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  1. #1
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    Is CBD Helpful, or Just Hype?

    Is CBD Helpful, or Just Hype?
    By Richard A. Friedman, MD, in the New York Times
    December 27, 2018

    Letís see what the research says before pouring it into our tea and rubbing it all over our bodies.

    Suddenly, CBD is everywhere. CBD, short for cannabidiol, a non-psychotropic component of cannabis and hemp, is being promoted as the latest miracle cure. Enthusiasts rave about its supposed anti-anxiety, anti-inflammatory, antidepressant and, well, anti-everything-you-donít-like effects.

    You can get your CBD in a cocktail (a ďStoney NegroniĒ is being served at a Queens bar), skin creams and coffee. Itís only a matter of time before it turns up in avocado toast.

    From pills to edibles, CBD is wildly popular, and it is easily available online and in stores. Indeed, sales are predicted to reach $22 billion by 2022, according to the Brightfield Group, a cannabis market research firm.

    I first encountered CBD while on sabbatical a few years back. As I drove up the Oregon Coast Highway, it was hard to miss all the cannabis shops along the Pacific. I stopped in one, perused the menu, and selected two marijuana specials ó Nine-Pound Hammer and Trainwreck ó and some CBD gummy bears. The cannabis was, well, as advertised, and the CBD candy, as far as I could tell, was a fruit-flavored placebo.

    Many of my patients have tried it or want to learn more about it. One of them, an educated, successful and anxious man in his 40s, recently told me he triedmixingCBD oil in his tea, but it didnít make him calmer. Then he rubbed the oil on his injured knee, and pronounced it a magic cure.

    Which invites the critical question: Just how effective is CBD, and for what kinds of ills?

    Cannabidiol has little direct effect on the cannabinoid receptors in the brain, so it is largely devoid of the euphoric effects of THC, the major intoxicant in marijuana. But if CBD really had no psychotropic effect at all, it would be hard to understand its popularity. In fact, because it alters the brainís serotonin receptors and may interfere with the breakdown of anandamide ó a cannabidoid that is produced naturally in the brain ó it could well affect feeling and thinking.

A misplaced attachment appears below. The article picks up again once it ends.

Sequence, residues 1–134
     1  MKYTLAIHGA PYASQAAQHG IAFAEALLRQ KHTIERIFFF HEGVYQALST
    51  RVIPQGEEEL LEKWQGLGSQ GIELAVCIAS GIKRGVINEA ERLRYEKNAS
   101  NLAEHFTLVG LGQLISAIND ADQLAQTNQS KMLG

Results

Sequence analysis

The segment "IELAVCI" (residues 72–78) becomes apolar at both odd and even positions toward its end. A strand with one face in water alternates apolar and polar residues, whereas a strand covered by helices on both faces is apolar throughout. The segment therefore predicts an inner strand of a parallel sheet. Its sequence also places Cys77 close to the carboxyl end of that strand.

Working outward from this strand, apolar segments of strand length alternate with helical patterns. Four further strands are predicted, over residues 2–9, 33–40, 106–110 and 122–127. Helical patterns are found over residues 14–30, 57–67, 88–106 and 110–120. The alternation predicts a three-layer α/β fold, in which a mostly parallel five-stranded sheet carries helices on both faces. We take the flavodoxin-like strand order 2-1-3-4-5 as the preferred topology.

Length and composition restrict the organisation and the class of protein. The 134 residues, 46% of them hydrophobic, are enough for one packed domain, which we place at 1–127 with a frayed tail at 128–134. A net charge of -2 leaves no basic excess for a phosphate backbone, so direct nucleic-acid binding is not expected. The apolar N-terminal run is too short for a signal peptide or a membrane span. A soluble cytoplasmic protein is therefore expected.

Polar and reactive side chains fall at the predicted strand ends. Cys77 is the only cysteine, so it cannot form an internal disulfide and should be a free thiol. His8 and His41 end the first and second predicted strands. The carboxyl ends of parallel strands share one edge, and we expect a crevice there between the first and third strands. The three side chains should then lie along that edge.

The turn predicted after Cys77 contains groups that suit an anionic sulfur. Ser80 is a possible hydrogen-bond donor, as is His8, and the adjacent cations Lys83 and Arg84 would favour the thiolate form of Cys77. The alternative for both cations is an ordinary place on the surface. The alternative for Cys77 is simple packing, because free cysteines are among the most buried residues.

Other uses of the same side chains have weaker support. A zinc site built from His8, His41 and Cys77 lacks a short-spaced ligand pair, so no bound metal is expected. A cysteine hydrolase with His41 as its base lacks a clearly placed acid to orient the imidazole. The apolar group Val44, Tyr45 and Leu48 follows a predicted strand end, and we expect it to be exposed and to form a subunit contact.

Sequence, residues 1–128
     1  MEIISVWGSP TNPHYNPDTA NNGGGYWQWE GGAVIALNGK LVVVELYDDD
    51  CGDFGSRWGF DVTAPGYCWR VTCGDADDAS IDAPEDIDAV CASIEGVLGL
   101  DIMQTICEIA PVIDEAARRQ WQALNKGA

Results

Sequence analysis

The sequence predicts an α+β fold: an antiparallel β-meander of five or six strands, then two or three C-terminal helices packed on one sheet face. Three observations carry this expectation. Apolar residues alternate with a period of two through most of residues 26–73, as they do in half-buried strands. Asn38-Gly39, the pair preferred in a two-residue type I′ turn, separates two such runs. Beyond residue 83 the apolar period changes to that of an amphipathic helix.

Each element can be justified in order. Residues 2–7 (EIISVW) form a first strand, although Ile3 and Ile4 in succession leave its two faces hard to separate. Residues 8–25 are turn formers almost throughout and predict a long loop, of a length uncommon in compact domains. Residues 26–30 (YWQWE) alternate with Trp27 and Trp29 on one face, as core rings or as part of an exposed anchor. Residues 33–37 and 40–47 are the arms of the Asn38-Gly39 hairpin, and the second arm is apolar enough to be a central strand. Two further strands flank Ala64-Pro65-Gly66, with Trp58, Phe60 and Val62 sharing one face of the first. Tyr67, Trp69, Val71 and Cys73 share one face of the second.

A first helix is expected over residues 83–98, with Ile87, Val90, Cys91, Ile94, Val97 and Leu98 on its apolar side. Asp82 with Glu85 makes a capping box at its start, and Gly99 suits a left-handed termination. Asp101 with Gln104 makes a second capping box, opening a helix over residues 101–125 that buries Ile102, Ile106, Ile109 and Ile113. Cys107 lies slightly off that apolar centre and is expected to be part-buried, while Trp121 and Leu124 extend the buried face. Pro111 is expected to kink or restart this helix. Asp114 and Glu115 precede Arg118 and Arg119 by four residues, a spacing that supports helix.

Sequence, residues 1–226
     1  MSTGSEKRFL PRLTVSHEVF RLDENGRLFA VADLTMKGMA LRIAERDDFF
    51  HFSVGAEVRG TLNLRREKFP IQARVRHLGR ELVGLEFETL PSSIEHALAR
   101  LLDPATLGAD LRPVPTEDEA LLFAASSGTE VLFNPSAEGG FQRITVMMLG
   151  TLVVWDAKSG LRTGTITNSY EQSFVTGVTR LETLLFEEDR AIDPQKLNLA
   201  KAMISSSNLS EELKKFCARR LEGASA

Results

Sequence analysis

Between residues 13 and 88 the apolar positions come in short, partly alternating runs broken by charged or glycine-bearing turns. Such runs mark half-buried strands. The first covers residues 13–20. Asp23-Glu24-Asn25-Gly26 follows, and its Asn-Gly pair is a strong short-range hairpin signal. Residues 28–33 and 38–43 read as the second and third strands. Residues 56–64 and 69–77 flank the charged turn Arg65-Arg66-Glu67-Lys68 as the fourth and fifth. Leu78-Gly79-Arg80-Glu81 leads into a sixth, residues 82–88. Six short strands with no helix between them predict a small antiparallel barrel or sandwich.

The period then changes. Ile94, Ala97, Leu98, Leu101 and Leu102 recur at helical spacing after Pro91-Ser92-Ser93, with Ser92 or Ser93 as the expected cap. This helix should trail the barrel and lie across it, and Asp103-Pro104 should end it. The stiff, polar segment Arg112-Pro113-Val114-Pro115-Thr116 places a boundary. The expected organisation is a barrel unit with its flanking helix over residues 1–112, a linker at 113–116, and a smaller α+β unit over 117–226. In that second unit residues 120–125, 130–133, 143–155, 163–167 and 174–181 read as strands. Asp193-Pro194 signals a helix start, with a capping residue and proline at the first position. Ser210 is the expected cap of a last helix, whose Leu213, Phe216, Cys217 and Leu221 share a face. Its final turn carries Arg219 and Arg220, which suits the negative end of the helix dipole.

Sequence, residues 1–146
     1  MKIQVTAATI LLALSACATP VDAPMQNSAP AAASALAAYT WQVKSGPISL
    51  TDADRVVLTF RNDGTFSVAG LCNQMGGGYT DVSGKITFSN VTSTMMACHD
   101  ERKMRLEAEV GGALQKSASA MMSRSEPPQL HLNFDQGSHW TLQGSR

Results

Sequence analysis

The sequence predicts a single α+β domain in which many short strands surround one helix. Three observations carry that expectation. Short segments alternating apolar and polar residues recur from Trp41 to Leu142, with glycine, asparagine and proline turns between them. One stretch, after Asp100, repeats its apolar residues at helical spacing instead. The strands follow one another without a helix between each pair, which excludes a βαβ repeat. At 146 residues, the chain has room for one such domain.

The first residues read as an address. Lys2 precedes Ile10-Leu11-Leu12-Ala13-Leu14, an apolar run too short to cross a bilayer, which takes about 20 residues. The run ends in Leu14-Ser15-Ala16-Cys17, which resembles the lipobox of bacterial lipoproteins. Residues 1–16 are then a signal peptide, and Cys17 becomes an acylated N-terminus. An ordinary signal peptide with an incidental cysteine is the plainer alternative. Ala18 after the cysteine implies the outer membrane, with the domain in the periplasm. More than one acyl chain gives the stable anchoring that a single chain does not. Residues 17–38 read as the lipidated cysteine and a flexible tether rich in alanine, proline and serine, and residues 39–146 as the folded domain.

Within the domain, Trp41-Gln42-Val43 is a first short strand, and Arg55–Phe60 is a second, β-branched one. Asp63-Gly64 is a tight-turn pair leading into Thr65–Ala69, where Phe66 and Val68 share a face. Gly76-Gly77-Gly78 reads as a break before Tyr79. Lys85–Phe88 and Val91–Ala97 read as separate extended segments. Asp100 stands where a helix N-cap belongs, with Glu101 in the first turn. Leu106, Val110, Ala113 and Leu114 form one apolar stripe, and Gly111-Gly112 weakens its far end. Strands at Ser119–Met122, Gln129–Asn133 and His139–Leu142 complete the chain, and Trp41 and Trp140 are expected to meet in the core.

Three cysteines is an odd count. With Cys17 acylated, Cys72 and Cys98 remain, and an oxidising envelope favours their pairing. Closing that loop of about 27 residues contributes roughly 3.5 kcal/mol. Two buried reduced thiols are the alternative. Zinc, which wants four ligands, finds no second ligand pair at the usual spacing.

But what does the evidence show?

    In 2017, the National Academies of Sciences, Engineering and Medicine convened a panel of experts to review the health effects of cannabis and cannabinoids. They examined more than 10,000 studies, most of which examined marijuana, not CBD. They found evidence that some cannabinoids ó not including CBD ó are effective for pain, nausea from chemotherapy and muscle spasms in multiple sclerosis.

    When it comes to CBD, the panel found only a few small randomized clinical trials, and concluded that there was insufficient evidence that CBD was effective in treating conditions like insomnia, addiction to cigarettes and Parkinsonís disease, and limited evidence in its ability to treat anxiety.

    This year, the Food and Drug Administration approved Epidiolex, a CBD concentrate, for two rare and severe forms of epilepsy, on the basis of several clinical trials.

    To be fair, the paucity of data about CBDís efficacy and safety in part reflects the federal governmentís irrational restrictions on cannabis research. Because cannabis is classified as a Schedule 1 drug, you need a license from the Drug Enforcement Administration to research it and, until two years ago, you could use only the cannabis grown at the University of Mississippi.

    The good news is that in 2017, the National Institutes of Health funded cannabinoid research to the tune of $140 million, including $15 million on CBD. The F.D.A. also loosened restrictions on CBD research in 2015 and has announced that it is considering ďpathwaysĒ to allow the sale across state lines of CBD in food and beverages, sales now confined to states that have approved CBD use.

    Still, the explosive popularity of CBD is way ahead of any evidence to support its efficacy ó or reliable reassurances that it has no serious adverse effects. Where is the healthy skepticism when we need it?

    The public, rightly, is quick to demand proof of safety and efficacy when it comes to synthetic pharmaceuticals. Why should natural products, like CBD, get a pass?

    Perhaps itís because many people have romantic and misplaced notions about nature. Some even point out that we come hard-wired with cannabinoid receptors in our brains and they must have a purpose, so why not use them? This is not exactly a persuasive argument: Nature endowed us with our own cannabinoids, so unless you have a deficiency of them or sluggish receptors, you really donít need supplementation.